Current best evidence for clinical care (more info)
OBJECTIVES: To identify the diagnostic accuracy of common imaging modalities, chest X-ray (CXR) and CT, for diagnosis of COVID-19 in the general emergency population in the UK and to find the association between imaging features and outcomes in these patients.
DESIGN: Retrospective analysis of electronic patient records.
SETTING: Tertiary academic health science centre and designated centre for high consequence infectious diseases in London, UK.
PARTICIPANTS: 1198 patients who attended the emergency department with paired reverse transcriptase PCR (RT-PCR) swabs for SARS-CoV-2 and CXR between 16 March and 16 April 2020.
MAIN OUTCOME MEASURES: Sensitivity and specificity of CXR and CT for diagnosis of COVID-19 using the British Society of Thoracic Imaging reporting templates. Reference standard was any RT-PCR positive naso-oropharyngeal swab within 30 days of attendance. ORs of CXR in association with vital signs, laboratory values and 30-day outcomes were calculated.
RESULTS: Sensitivity and specificity of CXR for COVID-19 diagnosis were 0.56 (95% CI 0.51 to 0.60) and 0.60 (95% CI 0.54 to 0.65), respectively. For CT scans, these were 0.85 (95% CI 0.79 to 0.90) and 0.50 (95% CI 0.41 to 0.60), respectively. This gave a statistically significant mean increase in sensitivity with CT of 29% (95% CI 19% to 38%, p<0.0001) compared with CXR. Specificity was not significantly different between the two modalities.CXR findings were not statistically significantly or clinically meaningfully associated with vital signs, laboratory parameters or 30-day outcomes.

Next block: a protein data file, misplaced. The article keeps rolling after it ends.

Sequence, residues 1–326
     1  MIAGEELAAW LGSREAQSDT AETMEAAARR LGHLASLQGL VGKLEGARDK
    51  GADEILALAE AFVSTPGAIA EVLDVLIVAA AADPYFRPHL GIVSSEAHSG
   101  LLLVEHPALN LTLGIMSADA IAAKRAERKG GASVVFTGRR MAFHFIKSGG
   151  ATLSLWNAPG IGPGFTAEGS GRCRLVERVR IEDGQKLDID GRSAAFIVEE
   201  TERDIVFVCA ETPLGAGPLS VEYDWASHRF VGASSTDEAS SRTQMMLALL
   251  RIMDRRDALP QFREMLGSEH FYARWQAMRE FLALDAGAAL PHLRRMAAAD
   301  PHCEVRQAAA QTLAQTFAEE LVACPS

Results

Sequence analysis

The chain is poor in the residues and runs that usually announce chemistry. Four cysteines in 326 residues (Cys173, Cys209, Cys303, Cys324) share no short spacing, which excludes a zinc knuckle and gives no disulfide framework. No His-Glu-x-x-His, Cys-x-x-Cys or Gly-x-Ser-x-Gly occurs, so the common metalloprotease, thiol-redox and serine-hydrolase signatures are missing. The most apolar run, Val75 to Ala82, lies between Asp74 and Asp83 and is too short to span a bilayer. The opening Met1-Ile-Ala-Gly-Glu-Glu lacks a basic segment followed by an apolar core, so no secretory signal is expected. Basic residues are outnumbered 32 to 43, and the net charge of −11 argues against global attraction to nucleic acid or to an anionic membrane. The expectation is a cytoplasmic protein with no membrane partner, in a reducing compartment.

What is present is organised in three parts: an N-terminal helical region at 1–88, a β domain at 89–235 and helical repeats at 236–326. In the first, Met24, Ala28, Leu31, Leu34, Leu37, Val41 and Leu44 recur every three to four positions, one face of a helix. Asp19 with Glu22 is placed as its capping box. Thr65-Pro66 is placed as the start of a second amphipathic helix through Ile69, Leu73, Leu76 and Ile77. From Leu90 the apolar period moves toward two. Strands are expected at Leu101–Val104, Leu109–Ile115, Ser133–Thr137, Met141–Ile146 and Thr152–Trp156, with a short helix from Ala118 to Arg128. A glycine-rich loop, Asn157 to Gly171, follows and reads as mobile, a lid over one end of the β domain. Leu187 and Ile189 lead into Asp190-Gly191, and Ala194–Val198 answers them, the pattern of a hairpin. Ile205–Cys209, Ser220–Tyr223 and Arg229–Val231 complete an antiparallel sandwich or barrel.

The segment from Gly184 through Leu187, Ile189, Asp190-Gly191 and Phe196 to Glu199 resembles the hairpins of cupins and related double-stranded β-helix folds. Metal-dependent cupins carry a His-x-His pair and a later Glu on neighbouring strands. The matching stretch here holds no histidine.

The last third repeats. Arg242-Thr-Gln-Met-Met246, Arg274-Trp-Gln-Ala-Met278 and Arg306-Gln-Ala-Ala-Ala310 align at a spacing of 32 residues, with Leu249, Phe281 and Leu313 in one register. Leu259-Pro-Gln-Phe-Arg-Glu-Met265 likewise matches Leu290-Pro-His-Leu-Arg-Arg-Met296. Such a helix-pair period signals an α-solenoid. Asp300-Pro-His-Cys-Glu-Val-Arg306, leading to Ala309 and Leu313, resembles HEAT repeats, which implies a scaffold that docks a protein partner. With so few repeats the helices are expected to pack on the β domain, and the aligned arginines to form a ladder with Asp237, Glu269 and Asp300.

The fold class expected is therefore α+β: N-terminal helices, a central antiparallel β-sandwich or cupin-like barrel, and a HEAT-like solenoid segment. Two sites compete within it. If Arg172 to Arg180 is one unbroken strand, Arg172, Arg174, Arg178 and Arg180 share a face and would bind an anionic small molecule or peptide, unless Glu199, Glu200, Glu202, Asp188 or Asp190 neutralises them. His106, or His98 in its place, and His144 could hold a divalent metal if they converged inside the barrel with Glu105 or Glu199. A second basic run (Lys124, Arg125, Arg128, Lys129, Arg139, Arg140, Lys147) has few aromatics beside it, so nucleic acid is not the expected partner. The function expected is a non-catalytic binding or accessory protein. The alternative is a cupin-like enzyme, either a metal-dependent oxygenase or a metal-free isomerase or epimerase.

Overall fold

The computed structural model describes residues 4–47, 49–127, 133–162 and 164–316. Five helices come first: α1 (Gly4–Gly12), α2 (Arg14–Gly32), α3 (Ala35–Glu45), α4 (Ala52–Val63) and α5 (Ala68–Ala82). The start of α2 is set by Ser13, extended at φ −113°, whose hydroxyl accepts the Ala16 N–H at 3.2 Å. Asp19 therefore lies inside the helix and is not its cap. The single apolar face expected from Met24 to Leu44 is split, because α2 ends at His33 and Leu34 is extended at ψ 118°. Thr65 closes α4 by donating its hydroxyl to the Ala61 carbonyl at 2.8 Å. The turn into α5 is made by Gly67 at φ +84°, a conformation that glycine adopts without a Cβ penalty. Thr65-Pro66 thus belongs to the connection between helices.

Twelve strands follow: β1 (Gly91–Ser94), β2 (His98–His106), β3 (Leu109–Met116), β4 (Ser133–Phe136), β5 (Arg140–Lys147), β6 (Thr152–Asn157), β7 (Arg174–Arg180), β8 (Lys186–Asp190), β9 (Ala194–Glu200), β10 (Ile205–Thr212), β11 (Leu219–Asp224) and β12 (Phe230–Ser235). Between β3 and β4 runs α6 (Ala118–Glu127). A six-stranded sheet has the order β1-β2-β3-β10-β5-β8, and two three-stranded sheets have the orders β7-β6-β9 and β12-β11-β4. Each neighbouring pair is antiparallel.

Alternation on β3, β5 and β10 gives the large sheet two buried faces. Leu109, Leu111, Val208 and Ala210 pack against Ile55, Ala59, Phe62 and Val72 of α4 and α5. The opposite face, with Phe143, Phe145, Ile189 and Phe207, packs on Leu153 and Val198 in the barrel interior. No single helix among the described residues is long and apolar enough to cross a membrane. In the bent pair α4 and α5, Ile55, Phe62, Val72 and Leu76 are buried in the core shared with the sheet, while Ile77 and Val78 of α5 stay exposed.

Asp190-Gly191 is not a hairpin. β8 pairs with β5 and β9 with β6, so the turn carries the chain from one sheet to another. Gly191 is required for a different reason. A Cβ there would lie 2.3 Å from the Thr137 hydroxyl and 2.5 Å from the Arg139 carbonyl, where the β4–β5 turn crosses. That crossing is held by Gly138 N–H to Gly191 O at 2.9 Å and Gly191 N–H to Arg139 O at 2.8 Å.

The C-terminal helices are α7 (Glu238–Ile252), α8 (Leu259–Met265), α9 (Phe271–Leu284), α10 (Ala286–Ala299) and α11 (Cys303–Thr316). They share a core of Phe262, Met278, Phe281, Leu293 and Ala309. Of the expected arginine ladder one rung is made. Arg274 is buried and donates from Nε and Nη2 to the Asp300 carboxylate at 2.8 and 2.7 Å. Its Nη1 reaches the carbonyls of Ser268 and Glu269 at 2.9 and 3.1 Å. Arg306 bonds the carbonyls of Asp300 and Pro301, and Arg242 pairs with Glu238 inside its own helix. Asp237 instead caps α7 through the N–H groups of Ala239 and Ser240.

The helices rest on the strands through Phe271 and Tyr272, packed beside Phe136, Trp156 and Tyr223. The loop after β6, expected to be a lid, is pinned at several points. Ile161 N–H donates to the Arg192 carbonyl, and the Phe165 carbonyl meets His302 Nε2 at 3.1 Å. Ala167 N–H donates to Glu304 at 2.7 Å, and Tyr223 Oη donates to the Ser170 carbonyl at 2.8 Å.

CONCLUSIONS: CT has substantially improved diagnostic performance over CXR in COVID-19. CT should be strongly considered in the initial assessment for suspected COVID-19. This gives potential for increased sensitivity and considerably faster turnaround time, where capacity allows and balanced against excess radiation exposure risk.
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The radiological outcomes in this study did not appear to have much correlation with clinical parameters suggesting COVID-19 severity. This is not relevant to infected patients without respiratory disease. While Dx is faster than RT-PCR, the study was done before the availability of rapid antigen tests and as a result, the study has less relevance today in the rapidly evolving improvement in diagnostics for COVID-19.
While there is a statistically significant difference in favour of CT over CXR; the cost, delays and radiation risks of changing to CT make the recommendation to use CT invalid. There is no difference in outcomes, so unless you are talking in-patients, this recommendation should be ignored.
It is a methodologically coherent study, which provides evidence on a known fact.
Formal study confirms what has been reported in case reports and series. CT is far more sensitive than CXR in demonstrating infiltrates consistent with Covid-19. However, cost, radiation exposure, and down time after each scan, to have adequate room air exchange, make this impractical. Rapid turn around of PCR results for Covid-19 is far more useful.